Exploring The Latest Trends in Mobile Development with Wayne Chang
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This week we learned from Wayne Chang, serial entrepreneur, mentor, hacker, angel investor and currently the Head of Product Marketing for Twitter’s mobile platform, Fabric. He discusses navigating the Boston tech ecosystem and working with mobile developers worldwide.
- Tell me about the first startup you founded at UMass.
I started one of my first companies I2hub in my dorm room by hooking up a server to the school’s network. We got so much traffic that the Office of Information Technology had to shut down the port in my room and even the whole dorm because they were inundated with traffic. They were wondering what I was doing, and thought I was trying to hack the entire system. I tried connecting to multiple ethernet ports because one was not enough, but ended up switching over to a commercial provider as fast as possible. When the company started taking off tremendously, I dropped out. I realized that I would learn much more from the players in the industry than I would in the school environment. That is not necessarily true for everyone, but I had to personally weigh my options and decide which would be more beneficial at the time.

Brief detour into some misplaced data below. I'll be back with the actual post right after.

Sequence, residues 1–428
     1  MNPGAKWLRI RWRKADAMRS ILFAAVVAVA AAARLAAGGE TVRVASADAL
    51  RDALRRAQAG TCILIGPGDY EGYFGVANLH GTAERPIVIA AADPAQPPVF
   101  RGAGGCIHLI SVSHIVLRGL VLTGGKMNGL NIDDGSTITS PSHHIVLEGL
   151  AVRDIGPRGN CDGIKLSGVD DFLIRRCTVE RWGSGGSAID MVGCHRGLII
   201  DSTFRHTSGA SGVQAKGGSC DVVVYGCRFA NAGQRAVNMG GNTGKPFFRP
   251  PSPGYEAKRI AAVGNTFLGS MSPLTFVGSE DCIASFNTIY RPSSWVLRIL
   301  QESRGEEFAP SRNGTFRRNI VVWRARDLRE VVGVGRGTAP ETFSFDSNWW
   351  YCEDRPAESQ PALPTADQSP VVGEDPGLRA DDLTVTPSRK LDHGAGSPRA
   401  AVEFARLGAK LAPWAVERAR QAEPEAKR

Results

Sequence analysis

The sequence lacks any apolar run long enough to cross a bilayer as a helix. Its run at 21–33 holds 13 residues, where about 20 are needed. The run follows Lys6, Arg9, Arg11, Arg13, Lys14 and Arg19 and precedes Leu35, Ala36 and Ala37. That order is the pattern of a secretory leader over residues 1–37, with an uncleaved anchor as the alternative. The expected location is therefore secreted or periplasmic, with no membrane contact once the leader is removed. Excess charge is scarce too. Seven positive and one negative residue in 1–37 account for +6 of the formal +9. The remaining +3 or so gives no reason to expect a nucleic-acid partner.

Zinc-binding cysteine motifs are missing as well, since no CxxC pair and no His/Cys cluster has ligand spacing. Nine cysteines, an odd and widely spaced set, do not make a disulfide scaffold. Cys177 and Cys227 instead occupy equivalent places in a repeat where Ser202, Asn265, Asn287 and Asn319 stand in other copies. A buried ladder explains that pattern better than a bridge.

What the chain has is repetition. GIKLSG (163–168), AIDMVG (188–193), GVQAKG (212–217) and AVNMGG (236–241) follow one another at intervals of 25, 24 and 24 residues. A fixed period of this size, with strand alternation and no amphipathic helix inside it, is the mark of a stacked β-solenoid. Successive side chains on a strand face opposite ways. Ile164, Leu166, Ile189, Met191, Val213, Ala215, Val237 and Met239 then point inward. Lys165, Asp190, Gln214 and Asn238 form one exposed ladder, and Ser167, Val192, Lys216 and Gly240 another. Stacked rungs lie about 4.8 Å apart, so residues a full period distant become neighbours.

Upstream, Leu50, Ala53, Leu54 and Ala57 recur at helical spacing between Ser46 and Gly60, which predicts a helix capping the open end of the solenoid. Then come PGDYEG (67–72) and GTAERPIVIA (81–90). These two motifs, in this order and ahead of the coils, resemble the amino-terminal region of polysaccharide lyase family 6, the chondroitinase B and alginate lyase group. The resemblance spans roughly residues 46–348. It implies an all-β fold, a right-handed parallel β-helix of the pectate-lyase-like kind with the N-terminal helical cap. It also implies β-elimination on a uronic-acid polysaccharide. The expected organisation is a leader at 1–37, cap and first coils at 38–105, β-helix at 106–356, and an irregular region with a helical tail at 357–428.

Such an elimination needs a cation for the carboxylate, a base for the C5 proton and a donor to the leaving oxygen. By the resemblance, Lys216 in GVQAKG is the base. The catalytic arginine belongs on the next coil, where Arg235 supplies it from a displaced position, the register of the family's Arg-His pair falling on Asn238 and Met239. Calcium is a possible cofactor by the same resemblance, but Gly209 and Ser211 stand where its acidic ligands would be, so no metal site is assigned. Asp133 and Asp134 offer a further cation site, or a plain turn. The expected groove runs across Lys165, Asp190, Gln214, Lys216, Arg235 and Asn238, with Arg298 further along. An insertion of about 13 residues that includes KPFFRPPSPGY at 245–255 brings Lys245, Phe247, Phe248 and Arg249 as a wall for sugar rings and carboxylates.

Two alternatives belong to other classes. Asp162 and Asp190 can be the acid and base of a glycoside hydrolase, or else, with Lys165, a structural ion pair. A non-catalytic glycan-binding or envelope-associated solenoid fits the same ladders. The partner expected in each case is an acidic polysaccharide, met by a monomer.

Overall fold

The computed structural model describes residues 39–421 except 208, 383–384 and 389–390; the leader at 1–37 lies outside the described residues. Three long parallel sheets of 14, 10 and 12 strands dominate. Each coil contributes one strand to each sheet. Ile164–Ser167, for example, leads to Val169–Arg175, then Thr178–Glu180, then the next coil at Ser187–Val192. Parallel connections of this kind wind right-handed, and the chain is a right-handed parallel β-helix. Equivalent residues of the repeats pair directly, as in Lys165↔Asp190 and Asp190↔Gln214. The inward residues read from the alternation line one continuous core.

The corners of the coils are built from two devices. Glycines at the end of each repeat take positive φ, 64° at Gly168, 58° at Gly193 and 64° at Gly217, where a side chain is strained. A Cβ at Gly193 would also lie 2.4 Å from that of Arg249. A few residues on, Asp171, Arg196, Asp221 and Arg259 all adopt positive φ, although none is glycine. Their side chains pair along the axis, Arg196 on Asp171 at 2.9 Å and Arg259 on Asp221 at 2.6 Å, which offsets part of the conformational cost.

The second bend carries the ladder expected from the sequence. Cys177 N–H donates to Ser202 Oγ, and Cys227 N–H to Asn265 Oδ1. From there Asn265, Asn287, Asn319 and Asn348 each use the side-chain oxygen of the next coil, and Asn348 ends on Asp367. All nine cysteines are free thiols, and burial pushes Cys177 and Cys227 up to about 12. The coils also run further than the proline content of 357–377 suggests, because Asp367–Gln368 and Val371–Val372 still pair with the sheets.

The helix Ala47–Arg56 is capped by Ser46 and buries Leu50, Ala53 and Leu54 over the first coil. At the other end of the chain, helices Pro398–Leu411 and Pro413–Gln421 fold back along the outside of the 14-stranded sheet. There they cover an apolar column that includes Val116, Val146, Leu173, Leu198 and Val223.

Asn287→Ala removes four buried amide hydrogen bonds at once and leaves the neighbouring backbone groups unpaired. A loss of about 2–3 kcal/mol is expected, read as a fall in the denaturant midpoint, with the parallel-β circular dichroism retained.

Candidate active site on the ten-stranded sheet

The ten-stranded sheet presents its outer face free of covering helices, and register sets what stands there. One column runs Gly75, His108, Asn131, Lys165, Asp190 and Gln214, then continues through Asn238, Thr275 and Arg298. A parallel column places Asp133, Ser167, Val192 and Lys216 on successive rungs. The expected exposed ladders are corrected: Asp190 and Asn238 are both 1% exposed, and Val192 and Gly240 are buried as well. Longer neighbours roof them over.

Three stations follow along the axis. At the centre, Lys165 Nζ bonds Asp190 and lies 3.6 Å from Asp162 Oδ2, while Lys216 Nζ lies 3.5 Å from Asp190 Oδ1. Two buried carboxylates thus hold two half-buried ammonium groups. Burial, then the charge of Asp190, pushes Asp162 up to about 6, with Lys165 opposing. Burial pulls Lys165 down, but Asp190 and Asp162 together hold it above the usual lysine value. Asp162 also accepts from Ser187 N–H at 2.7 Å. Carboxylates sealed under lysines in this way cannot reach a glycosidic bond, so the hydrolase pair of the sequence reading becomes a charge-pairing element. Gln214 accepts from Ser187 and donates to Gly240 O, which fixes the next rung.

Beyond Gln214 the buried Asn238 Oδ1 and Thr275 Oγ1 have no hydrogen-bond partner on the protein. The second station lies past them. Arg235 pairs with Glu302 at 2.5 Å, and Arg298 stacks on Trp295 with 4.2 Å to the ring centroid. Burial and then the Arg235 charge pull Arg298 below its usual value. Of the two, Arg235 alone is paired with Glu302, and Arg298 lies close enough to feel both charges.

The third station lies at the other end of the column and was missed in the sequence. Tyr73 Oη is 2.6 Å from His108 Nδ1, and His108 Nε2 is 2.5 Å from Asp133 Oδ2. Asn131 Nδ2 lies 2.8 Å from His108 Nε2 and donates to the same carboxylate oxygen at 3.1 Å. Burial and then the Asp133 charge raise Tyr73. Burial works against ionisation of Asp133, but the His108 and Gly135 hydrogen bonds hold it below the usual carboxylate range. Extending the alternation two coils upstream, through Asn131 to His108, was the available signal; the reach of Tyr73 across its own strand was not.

2. How did you learn to navigate the tech ecosystem in Boston?
It wasn’t too hard to find like-minded people in Boston. What I found really meaningful and super helpful were “Dart Dinners” that came out of a small organization called Dart Boston.
In contrast to huge 5,000 person conferences where business cards are flying at you, these dinners had 30–40 people, and were much more meaningful. I even met my Crashlytics cofounder Jeff Seibert at one of them.
I have lived in Boston since, and what I have found is that people here are much more family oriented. This trait gives us a much better chance at building stronger teams, unlike cities where people are much more transient, or “jumpers” as I call them. At Crashlytics, the entire engineering team has stayed since the acquisition. That is a testament to how strong building a team in Boston can be.
3. What great companies do you think are yet to be built?
What I find is a huge signal is where developers go as this is where that content will be generated. Right now, about 20% of developers are working on IoT type projects, and it is projected this will rise to almost 40–50% this year. Thus, the next great companies to be built are solving the IoT space. Whoever owns that operating system will own IoT. Samsung is trying to do that through SmarThings, Google through Nest, and Apple through HomeKit on iOS. Whoever actually builds that will own the multi-billion dollar ecosystem.
4. In working with developers worldwide through Crashlytics, what perspective have you gained about the issues they are facing most frequently.